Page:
Accepted applicants receive their nutrition benefits that day. So, although the WIC interview seems intensive, applicants do not have to wait much longer than the length of the interview to find out if they qualify for benefits. This is the case unless the applicant does not bring all of his or her documents to their WIC appointment. However, some WIC offices do accept some applicants as long as they supply any missing information within a certain amount of time. Accepted applicants will be given a food voucher that will permit them to purchase nutritious foods until their next appointment. Depending on the WIC office, participants may receive an EBT card instead. They will also receive nutrition counseling and be provided other resources and materials to improve their health and nutrition or that of their child. Qualified participants will also be asked to make another follow-up appointment to continue receiving benefits.

How Often to Make A WIC Appointment

Participants are told to make a follow-up WIC appointment once they are accepted into the nutrition program. Some participants must come in more often than others though. Pregnant women and breastfeeding women must come back to a WIC office must be recertified once their child is born. Then, the infant must be recertified at around six months. To find out more about WIC recertification, program beneficiaries can download our free guide.

Typically, participants must be recertified yearly but are required to follow-up every few months to receive updated benefits. Infants, children and pregnant women are also typically measured and tested at these WIC appointments, especially if they do not have medical records.  Follow-up interviews are typically much shorter than initial certification interviews and are not as in depth. However, parents and guardians should still come prepared with supplies for children.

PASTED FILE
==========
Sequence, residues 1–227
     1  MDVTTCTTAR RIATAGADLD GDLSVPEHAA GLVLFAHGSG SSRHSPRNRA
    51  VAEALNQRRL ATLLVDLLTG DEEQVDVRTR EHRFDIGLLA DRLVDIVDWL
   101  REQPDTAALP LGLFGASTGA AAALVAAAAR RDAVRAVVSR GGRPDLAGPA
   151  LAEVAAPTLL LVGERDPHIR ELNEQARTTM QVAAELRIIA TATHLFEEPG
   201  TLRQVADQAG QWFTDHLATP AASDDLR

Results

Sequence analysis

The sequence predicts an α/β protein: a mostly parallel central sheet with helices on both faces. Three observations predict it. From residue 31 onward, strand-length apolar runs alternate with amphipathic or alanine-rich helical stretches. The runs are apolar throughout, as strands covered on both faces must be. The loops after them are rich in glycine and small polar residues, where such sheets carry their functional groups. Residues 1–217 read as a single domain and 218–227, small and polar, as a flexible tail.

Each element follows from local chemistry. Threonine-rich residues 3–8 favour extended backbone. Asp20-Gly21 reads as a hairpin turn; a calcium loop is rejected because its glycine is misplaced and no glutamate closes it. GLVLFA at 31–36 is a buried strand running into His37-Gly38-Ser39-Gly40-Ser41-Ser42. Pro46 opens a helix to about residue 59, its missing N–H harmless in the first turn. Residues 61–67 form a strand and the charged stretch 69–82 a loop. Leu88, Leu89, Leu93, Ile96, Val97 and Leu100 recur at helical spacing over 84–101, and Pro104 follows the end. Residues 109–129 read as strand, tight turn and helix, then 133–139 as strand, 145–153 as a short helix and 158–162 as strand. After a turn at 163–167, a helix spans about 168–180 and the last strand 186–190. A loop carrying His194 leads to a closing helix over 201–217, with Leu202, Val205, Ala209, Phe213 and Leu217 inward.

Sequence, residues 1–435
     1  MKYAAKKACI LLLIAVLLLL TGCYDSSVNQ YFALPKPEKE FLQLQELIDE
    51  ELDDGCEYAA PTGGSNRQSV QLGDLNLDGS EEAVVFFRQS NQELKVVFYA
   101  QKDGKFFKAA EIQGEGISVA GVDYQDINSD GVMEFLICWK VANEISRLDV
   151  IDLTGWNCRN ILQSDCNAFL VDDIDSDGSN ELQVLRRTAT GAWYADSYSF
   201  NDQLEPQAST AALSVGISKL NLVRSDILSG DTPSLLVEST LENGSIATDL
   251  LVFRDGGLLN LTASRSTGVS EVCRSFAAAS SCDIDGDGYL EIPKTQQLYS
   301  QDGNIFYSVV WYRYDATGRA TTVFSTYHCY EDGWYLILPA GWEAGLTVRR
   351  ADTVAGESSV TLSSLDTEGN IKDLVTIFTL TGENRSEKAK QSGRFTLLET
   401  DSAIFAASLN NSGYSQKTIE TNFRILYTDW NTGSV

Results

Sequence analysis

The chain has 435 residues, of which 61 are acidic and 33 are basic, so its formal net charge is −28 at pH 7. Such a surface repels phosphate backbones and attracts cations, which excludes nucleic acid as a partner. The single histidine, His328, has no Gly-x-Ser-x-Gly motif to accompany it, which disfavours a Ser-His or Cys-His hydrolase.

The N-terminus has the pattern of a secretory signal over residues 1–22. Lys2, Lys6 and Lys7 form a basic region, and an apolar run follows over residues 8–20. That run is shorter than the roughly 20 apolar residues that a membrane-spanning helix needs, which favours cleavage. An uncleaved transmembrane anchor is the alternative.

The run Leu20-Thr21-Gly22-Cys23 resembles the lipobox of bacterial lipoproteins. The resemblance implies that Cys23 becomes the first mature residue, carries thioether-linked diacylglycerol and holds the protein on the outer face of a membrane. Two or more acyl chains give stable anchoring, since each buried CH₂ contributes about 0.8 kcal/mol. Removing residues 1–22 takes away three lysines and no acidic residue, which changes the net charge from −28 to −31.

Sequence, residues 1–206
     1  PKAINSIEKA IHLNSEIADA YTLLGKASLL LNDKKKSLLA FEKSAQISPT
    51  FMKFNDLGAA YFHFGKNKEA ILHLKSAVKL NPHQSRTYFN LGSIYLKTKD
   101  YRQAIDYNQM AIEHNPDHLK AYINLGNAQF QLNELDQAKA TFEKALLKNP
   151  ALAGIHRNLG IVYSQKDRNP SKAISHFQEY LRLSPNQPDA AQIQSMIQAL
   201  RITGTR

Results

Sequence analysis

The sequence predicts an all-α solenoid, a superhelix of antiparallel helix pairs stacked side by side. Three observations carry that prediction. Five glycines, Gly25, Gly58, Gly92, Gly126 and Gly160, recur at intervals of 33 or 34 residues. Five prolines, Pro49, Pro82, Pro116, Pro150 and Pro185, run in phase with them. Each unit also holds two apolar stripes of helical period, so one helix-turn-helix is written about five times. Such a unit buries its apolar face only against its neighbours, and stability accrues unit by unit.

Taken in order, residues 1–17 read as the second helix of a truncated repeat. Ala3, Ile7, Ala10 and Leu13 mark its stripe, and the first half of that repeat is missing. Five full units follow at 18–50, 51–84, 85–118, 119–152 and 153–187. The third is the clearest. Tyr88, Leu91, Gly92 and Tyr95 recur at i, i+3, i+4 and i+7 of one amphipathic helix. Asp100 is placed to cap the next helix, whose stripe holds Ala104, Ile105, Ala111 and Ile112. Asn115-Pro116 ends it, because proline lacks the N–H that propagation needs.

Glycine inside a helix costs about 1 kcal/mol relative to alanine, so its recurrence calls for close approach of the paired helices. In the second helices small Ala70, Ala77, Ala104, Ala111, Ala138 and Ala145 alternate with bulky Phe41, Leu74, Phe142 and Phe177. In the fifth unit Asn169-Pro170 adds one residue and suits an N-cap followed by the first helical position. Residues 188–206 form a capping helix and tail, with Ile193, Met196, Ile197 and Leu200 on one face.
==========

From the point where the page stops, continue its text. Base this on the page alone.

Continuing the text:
What to Bring to a WIC Appointment

Applicants must bring several documents with them to their WIC appointment. Since there is no mail-in, fax or online submission system, applicants must be prepared with all the necessary paperwork and verification documents.

First and foremost, applicants must provide a form of identification for every member in the household who is applying during the WIC interview. So, for a child or infant that could be a birth certificate or crib card from the hospital. Adults have many other options for providing an ID besides a driver’s license. Applicants must also provide proof of income or participation in another government program at their WIC appointment. Qualifying documents include pay stubs, child support payments, food stamps letters or Medicaid cards, among other documents.

Besides supplying income and identification evidence, applicants are asked to provide immunization and medical records and proof of pregnancy. While these documents are not required, they do allow for a smoother process because the WIC office will not have to complete medical checks in person. Pregnant women do have to supply a sonogram or written note from a doctor. Medical records, too, must be signed by a doctor and provide certain body measurements and blood test results. To learn more about the specific documents necessary to bring to a WIC appointment, applicants can download the free and comprehensive guide.